Fishing, cleanouts, and milling constitute the most common coiled tubing (CT) operations on the coast of Louisiana. The objective of the operations is to remove obstructions from a wellbore and to promote an unobstructed flow path for fluid, either for injection or production. Sometimes, due to the nature, weight, or length of the fish, a straight fishing operation cannot be performed. In these cases, dressing and baiting the fish with CT before a fishing attempt is necessary.

Considering previous experiences in the area, the operator wanted to remove common uncertainties that exist during CT operations including whether the correct force is transmitted from the surface, if the bottomhole assembly (BHA) is functioning correctly, and if the downhole motor is applying the correct amount of weight on bit for successful milling.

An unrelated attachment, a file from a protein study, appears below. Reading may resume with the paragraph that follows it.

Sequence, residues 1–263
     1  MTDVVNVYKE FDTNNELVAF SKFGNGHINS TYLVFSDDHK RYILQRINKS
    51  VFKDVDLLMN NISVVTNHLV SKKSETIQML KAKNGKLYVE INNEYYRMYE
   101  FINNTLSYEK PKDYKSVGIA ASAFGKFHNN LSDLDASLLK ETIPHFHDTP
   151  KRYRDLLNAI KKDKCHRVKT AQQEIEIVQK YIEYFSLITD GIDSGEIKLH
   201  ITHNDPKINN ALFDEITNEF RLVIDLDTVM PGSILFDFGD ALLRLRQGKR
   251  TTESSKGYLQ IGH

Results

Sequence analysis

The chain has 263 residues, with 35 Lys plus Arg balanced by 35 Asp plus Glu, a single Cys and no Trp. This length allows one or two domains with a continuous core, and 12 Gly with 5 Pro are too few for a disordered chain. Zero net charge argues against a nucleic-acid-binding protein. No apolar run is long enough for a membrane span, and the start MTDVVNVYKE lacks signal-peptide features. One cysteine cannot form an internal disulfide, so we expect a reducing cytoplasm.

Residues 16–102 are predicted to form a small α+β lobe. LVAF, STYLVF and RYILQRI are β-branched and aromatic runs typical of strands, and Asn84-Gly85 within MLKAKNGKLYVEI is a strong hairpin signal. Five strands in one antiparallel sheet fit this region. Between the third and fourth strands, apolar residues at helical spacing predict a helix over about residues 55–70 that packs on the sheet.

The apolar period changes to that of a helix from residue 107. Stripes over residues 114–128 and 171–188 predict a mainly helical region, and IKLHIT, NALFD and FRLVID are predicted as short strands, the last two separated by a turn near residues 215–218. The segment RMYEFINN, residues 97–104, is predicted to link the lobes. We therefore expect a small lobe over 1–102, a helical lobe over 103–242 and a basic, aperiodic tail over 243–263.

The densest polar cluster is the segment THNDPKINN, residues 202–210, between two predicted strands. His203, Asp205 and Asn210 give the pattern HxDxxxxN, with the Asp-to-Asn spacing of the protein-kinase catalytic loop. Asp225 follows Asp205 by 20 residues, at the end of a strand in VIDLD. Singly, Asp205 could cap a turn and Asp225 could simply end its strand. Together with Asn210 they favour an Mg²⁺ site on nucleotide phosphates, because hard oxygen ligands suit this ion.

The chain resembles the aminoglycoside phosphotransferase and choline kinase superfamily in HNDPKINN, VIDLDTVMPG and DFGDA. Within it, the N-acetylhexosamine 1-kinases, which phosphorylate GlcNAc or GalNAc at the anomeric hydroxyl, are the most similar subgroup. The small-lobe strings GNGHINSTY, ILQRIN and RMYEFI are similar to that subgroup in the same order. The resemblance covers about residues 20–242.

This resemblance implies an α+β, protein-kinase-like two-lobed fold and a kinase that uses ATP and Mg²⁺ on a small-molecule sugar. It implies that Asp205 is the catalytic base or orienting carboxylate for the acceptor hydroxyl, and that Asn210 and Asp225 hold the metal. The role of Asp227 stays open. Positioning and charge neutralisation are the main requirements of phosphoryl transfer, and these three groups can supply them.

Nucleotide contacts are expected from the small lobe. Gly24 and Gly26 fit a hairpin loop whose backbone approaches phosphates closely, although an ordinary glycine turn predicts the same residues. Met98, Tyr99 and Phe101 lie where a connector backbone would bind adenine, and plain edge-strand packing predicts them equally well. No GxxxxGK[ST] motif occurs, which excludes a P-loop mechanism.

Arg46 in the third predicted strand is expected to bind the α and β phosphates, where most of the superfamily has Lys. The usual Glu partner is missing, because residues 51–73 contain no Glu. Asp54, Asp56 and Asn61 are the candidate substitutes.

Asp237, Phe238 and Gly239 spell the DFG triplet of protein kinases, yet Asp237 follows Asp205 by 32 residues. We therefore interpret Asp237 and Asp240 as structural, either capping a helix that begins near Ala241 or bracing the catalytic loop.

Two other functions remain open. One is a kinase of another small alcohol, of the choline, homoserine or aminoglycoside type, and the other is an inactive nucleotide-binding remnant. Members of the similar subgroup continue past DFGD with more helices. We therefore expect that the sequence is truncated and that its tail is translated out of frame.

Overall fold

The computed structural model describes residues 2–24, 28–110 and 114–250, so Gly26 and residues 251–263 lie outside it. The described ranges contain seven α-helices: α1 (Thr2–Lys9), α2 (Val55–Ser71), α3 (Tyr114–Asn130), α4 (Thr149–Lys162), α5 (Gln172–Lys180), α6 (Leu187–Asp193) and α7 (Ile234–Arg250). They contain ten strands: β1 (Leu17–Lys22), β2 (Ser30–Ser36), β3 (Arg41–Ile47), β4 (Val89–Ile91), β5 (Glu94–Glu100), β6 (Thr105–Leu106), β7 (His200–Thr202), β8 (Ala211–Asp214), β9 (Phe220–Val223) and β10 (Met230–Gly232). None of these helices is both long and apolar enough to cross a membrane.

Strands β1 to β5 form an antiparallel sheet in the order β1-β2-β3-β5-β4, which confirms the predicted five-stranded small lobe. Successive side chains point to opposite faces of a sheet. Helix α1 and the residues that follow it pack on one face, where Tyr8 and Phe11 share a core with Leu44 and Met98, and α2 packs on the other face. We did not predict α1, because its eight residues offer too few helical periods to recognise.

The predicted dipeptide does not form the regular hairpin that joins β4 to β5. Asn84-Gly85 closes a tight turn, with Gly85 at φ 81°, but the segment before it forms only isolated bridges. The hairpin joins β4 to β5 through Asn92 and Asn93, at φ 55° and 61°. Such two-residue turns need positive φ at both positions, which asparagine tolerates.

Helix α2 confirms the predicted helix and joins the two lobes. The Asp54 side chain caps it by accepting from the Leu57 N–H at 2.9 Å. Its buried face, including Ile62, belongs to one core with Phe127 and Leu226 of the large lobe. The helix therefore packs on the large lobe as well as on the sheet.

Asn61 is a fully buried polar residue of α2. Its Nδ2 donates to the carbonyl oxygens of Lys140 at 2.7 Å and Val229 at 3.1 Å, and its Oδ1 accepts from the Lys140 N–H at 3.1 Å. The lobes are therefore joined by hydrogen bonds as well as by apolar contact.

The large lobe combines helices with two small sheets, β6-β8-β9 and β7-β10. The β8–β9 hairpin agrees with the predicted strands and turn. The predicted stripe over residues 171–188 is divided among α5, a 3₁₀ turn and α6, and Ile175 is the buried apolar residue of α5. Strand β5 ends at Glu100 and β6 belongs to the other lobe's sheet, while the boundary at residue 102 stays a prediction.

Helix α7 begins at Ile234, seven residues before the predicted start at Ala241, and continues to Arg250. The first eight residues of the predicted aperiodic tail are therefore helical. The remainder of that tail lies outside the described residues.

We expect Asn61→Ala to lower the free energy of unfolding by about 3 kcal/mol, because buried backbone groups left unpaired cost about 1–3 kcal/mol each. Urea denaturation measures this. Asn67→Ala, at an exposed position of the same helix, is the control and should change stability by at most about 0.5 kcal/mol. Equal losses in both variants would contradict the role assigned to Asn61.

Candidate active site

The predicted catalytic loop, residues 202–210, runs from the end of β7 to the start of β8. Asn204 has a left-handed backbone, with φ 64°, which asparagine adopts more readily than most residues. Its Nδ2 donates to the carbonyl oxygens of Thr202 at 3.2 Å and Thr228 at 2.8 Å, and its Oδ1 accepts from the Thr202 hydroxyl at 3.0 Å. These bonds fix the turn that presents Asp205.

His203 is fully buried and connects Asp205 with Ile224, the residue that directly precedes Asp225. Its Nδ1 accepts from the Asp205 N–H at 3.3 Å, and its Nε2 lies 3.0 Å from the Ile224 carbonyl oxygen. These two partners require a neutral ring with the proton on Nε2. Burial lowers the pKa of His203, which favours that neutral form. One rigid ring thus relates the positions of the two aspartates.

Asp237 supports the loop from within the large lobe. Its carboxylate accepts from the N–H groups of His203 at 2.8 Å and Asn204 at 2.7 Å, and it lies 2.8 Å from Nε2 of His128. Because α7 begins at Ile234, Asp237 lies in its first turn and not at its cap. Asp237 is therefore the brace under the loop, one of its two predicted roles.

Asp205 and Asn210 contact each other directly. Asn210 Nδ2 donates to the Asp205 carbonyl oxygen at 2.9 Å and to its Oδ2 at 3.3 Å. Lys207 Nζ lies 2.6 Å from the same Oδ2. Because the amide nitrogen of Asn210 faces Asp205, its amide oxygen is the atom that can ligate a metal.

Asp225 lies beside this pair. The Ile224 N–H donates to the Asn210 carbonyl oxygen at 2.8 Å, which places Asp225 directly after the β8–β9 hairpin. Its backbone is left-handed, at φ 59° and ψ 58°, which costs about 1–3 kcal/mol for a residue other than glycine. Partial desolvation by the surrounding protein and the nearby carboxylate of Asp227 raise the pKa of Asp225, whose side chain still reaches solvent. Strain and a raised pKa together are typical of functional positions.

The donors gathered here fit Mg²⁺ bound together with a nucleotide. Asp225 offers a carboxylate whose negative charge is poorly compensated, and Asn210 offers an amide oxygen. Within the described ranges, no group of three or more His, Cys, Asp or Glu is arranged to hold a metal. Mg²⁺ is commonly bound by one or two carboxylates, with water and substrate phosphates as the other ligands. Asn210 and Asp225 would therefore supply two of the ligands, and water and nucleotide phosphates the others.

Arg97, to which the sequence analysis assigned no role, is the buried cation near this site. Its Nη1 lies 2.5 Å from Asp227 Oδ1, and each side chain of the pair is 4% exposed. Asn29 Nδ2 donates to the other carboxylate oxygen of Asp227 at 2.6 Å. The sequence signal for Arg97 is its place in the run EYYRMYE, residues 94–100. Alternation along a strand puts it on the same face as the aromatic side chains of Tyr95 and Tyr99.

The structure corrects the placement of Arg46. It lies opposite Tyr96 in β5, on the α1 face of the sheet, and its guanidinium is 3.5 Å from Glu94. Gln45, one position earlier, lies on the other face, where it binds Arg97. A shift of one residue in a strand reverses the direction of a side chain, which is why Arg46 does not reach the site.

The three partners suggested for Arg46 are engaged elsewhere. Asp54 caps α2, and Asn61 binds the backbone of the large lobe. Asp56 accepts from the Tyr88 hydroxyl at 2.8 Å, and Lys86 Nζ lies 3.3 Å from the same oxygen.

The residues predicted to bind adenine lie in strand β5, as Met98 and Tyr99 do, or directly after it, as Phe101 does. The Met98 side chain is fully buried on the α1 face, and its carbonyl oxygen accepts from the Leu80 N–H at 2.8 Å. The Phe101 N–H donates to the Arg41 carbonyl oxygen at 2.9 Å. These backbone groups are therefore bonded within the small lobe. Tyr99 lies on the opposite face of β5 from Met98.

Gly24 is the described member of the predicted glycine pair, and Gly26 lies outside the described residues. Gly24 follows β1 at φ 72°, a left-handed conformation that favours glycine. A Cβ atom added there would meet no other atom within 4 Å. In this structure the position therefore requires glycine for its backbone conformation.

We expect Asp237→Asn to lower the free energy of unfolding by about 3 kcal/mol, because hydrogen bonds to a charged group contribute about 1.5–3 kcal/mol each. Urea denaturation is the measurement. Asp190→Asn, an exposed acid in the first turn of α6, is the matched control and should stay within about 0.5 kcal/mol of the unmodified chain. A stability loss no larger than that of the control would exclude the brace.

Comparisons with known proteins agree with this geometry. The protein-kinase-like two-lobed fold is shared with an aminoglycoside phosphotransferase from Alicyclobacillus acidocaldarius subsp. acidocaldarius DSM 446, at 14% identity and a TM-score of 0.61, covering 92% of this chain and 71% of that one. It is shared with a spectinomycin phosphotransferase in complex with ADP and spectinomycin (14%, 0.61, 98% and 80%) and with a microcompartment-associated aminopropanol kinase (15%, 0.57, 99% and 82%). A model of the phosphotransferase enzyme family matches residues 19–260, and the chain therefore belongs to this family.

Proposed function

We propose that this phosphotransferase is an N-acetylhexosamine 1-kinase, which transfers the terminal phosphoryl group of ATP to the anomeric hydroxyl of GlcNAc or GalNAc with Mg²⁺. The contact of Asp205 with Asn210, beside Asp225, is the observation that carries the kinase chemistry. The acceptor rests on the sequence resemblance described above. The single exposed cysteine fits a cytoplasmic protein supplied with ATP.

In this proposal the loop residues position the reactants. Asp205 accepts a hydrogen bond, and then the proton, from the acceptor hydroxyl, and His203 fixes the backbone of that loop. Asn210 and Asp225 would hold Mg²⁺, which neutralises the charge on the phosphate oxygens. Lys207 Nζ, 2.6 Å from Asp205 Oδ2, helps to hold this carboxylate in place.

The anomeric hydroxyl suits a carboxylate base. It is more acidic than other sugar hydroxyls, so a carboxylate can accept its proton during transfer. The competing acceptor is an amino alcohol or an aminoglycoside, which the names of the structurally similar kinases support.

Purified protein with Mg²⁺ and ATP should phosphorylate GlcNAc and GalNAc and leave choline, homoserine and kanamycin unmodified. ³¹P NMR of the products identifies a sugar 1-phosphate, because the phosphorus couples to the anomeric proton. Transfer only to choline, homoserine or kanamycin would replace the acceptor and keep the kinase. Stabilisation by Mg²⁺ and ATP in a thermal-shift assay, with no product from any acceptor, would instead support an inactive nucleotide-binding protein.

This study describes how a real-time CT downhole measurement system optimized an intervention that required dressing and baiting the top of the fish (a stuck CT string) to enable the subsequent fishing operation. The risks involved with milling a fish inside an injector well with CT in deepwater conditions motivated the use of CT telemetry capable of providing real-time downhole parameters to operate the mill both safely and efficiently.

The combination of conventional milling techniques and real-time downhole measurement capabilities enabled rapid response and adjustments to the actual downhole conditions throughout the operation, as the combination system developed and confirmed the tubing force module simulation.

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